Antigenic Variation in Vector-Borne Pathogens

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´╗┐Antigenic Variation in Vector-Borne Pathogens
The requirement for vector transmission of these infectious pathogens provides a powerful selection for mechanisms that prolong parasitemia. Through convergent evolution, several vector-borne pathogens have arrived at the same strategy of antigenic variation to achieve this goal. The similarity in the genetic mechanisms that such unrelated pathogens as African trypanosomes and relapsing fever Borrelia spp. use for antigenic variation is remarkable.

Antigenic variation has important implications for the development of vaccines against these pathogens. If the variable antigen is to be the target of immunoprophylaxis, the vaccine would likely need to be multivalent, perhaps to the point of impracticality. If the infected host animal has not solved the problem of identifying an antigen that is conserved among the variants, thereby neutralizing the infection earlier, how can vaccine developers hope to do this?

A possible way to meet this challenge is to focus on the function domains of the variable proteins. The variable antigens of both the bacterial and parasite pathogens have other roles in pathogenesis besides immune evasion. These include tissue tropism, shielding of adjacent molecules, inhibition of phagocytosis, modulation of antigen presentation, and selective adherence. Certain regions of the variable protein may be irrelevant for these functions of the pathogen, and consequently the encoding DNA sequences could be highly divergent among alleles. On the other hand, the regions conferring these functions would likely be more constrained in structure and thus comparatively more susceptible to cross-reacting antibodies.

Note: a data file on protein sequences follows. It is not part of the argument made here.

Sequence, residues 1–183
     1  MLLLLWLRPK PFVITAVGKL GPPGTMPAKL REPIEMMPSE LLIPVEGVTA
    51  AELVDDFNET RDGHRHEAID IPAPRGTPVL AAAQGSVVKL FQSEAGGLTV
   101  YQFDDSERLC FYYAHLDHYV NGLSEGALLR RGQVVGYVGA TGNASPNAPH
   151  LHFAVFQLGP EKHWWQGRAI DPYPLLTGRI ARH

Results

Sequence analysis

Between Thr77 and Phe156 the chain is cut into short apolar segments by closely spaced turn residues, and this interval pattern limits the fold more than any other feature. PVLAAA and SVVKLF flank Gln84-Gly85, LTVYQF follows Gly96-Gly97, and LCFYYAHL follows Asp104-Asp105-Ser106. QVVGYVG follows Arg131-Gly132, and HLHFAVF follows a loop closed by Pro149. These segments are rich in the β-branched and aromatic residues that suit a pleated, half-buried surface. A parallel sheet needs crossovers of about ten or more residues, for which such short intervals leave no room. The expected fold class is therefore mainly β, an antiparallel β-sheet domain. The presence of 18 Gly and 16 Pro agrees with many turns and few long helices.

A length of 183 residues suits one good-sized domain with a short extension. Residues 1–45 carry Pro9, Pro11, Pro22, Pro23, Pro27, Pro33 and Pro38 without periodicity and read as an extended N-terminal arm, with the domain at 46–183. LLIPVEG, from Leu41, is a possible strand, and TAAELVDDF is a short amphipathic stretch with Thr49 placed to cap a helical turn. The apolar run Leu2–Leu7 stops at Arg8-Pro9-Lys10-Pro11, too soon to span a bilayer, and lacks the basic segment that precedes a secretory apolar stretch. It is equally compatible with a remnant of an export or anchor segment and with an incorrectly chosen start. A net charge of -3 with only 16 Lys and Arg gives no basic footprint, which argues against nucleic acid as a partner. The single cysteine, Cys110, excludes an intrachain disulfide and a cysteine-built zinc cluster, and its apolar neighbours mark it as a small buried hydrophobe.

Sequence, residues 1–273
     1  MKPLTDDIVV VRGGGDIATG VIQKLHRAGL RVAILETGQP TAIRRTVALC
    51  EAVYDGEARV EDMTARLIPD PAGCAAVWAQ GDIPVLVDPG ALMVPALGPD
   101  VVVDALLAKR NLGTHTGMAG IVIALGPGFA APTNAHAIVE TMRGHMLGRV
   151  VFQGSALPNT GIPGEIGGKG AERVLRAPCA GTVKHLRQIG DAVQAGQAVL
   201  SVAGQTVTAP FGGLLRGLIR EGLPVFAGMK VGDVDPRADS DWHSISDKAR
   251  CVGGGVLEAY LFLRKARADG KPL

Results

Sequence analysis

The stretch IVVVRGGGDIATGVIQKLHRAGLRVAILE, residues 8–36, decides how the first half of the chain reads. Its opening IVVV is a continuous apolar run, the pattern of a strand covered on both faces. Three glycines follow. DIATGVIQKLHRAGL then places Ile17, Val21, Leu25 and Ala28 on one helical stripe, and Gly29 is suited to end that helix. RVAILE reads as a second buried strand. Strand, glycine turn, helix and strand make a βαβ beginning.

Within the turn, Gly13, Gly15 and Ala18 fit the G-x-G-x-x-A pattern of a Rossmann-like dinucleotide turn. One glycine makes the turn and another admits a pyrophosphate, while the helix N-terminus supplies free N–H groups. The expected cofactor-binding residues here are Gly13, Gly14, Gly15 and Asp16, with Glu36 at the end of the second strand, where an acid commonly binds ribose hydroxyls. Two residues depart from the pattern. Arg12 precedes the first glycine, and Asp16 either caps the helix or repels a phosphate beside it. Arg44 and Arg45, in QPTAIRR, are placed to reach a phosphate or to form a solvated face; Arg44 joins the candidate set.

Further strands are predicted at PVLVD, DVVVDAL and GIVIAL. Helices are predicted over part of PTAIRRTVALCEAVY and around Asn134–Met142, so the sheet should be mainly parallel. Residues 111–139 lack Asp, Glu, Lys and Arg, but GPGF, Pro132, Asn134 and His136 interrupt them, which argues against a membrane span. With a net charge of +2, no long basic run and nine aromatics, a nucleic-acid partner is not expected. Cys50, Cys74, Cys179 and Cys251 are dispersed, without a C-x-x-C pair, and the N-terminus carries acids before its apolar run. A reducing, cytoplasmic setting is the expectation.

Another possible way to meet the challenge of antigenic variation is to focus on the vector-specific surface antigens of these pathogens. The repertoire expressed in the arthropod vector, which lacks an adaptive immune system, is generally more limited than that expressed in the vertebrate host. The Lyme disease vaccine is an example of successful targeting of a vector-specific protein. Although B. burgdorferi has not yet been proven to undergo true antigenic variation, there is considerable diversity in the ospC sequences that define strain identity within a given area in which transmission to humans occurs. A vaccine based on OspC would likely need to be multivalent. In contrast, B. burgdorferi's OspA protein, the sole protein in the vaccine, is natively expressed in the tick's midgut but usually not during infection of mammals. Perhaps because of OspA's infrequent encounters with the mammalian adaptive immune system in nature, there is little divergence in ospA sequences between strains of B. burgdorferi. The OspA-based vaccine apparently works by eliciting antibodies that kill or inhibit the spirochetes in the tick, before expression of the more polymorphic ospC and vlsE genes in the mammalian host.

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